Earlier today, the NBA suspended Golden State Warriors all-star forward Draymond Green from Monday's Game 5 of the NBA Finals after Green was assessed a flagrant foul 1 for this play on LeBron James. The latest flagrant brought Green's total to four for the playoffs, resulting in an automatic suspension from his next game to go along with the embarrassment of being mocked on Twitter and possibly having to celebrate his second-straight NBA title in street clothes. Which, as we've seen, could end up embarrassing in itself.

But let's get into these supposed "incidents" by Draymond Green. If you were to check Twitter, Vine, Instagram, television, a newspaper, or even Michael Wilbon's imaginary black barbershop where everybody sits around hating analytics, the conversations are all centered around how Draymond Green is a "dirty player" who "makes blatant attempts to attack other players' balls." Which, after you go back and analyze the footage, are all garbage allegations. Draymond Green isn't a dirty player. Pesky? Sure. Tenacious? Definitely. Gritty? Maybe if he were Caucasian, yeah. But dirty? No way—not Draymond Green. Let's check the film.

The idea that the NBA could label this a flagrant foul is absurd. This was simply an unintentional reflex. LeBron James—yet again in an attempt to prove his superiority over the rest of the league—stepped over Draymond Green, thus exposing himself to danger. LeBron thought he could walk over Draymond like he's walked over so many decent people in his path, and Draymond Green's hand involuntarily made the correct basketball play. Isn't one of the first things you learn on the court is to go after loose balls? Draymond Green understands FUNDAMENTALS.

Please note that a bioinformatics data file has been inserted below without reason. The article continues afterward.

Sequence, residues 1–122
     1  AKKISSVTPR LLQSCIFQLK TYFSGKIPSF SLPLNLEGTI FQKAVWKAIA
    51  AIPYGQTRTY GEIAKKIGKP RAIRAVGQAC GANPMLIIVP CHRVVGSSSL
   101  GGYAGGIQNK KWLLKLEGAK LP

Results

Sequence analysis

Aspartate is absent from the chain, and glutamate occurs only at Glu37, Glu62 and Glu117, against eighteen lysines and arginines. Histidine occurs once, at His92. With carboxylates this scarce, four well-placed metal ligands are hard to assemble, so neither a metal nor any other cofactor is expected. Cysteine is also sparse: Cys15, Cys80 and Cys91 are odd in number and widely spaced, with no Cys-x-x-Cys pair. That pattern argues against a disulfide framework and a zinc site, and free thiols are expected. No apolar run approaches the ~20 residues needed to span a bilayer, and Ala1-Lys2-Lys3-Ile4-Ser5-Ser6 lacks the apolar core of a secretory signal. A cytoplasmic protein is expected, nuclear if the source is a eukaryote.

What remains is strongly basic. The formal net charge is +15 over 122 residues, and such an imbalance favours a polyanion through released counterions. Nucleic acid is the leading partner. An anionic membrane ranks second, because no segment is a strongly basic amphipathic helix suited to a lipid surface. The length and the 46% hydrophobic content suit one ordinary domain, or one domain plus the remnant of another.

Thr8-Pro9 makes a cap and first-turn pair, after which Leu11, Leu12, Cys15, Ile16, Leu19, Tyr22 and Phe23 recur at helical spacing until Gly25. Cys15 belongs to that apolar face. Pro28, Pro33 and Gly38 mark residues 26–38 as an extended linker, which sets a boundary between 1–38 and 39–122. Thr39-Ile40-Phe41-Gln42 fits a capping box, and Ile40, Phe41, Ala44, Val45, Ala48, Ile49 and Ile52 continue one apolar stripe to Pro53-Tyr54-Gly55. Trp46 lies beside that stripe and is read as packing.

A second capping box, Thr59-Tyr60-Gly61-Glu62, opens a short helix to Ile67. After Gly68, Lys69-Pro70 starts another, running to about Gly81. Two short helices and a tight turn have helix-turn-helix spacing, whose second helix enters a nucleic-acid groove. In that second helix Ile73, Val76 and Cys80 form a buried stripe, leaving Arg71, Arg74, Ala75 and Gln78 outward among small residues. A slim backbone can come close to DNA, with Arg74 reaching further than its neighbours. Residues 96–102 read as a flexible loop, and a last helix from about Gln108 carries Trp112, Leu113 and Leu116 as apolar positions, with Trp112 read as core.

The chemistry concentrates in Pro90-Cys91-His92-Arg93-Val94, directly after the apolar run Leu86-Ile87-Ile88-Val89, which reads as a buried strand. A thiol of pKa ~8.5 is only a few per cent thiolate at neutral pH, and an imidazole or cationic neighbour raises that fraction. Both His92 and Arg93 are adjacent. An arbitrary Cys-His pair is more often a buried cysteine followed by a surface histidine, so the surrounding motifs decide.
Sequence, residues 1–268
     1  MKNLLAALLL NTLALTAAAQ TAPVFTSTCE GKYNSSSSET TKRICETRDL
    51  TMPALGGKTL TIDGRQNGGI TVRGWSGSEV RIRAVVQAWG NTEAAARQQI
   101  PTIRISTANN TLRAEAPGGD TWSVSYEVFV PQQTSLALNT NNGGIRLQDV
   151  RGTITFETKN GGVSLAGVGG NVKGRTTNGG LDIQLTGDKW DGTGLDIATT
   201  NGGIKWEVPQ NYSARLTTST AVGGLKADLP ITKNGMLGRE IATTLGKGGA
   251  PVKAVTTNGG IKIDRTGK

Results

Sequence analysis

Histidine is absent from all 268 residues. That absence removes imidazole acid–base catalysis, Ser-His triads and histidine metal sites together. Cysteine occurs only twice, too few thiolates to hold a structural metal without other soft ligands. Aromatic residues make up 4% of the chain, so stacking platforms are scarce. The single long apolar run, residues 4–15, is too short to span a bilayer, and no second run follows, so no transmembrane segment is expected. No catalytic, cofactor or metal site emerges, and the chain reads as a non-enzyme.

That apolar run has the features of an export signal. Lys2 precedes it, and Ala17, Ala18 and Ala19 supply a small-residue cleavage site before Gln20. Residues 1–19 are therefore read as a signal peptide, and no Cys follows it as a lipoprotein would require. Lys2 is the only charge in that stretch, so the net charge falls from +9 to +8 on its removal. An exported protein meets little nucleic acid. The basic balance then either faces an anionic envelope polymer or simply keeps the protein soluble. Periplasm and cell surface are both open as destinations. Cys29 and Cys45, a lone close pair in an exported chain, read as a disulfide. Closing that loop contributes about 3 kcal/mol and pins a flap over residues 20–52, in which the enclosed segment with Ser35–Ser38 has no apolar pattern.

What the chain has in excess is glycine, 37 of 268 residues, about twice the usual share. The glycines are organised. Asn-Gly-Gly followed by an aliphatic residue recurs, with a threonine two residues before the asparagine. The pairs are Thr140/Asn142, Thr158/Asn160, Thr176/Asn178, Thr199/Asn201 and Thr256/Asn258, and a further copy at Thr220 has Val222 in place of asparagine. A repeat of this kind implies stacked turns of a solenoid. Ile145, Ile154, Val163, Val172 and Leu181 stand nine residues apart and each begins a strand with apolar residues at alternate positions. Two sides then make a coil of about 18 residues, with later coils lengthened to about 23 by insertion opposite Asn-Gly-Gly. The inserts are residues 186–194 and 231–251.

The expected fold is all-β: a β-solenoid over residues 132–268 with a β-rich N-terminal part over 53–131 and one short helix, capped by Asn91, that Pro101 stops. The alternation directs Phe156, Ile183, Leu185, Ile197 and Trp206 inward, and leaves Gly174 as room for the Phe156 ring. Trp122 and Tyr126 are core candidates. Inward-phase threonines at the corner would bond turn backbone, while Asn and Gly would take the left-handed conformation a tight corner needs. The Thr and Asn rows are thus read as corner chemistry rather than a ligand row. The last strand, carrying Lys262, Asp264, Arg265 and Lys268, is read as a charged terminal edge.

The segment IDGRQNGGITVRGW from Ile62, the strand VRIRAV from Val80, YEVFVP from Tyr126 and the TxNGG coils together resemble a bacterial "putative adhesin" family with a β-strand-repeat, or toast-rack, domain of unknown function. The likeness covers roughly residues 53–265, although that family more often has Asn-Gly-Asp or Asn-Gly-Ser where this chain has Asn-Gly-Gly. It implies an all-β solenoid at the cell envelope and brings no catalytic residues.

Here's another controversial play, this time while going against Kyrie Irving in Game 1:

Draymond Green truthers will blame the physical Michigan State alum while asking dumb things like "Why is he trying to kick Kyrie Irving in the neck?" and "How is it possible for a man to get tossed so easily by someone 37 pounds lighter and also why is he trying to kick Kyrie Irving in the neck?" It's possible some may interpret this video as a man attempting to kick another man in the throat. The truth is that basketball is a game of positioning, and Draymond's most advantageous position here is to prevent the Cavs guard from getting the upper hand by using his foot to box out Kyrie's neck. 

Additionally, these questions are an affront to Draymond's character and overlook the real question at hand: Why don't we have more sympathy for Draymond Green's leg condition? 

We've seen time and again that Mary Babers' son suffers from a condition that forces his leg to swiftly extend at random moments on the court. Heck, we've seen it happen multiple times in the same playoff round. 

This was Game 2 of the Western Conference Finals:

And Game 3:

And these were each from Game 5:

Where's the outpouring of sympathy for Draymond Green? Here we have a man with the complete inability to control his leg, a man who so triumphed over the limited control God gave him over his right leg that he not only made it to the NBA, but became second team all-NBA and one of the pivotal pieces on the greatest team in league history!

This is a script fit for Disney, not a dirty player looking to gain an advantage through low-blows and throat kicks.

But such is the world we live in. Here we have a heroic underdog with physical restrictions who plays on a team with the most humble MVP the NBA's ever seen...

Image via Giphy

...and all we can do as fans is pile on and label the man "dirty." No, YOU'RE dirty, America. While you complain, Draymond Green just pulls up his boot straps, supports his teammates, and hopes his foot doesn't accidently kick LeBron James in the temple should the Cavs make it to Game 6.